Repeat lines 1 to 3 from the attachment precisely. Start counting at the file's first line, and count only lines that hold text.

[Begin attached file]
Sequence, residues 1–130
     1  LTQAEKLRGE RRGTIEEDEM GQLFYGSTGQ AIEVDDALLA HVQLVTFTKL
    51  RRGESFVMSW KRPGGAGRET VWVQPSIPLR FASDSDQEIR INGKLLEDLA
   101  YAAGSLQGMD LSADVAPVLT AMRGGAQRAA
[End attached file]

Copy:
Sequence, residues 1–130
     1  LTQAEKLRGE RRGTIEEDEM GQLFYGSTGQ AIEVDDALLA HVQLVTFTKL
    51  RRGESFVMSW KRPGGAGRET VWVQPSIPLR FASDSDQEIR INGKLLEDLA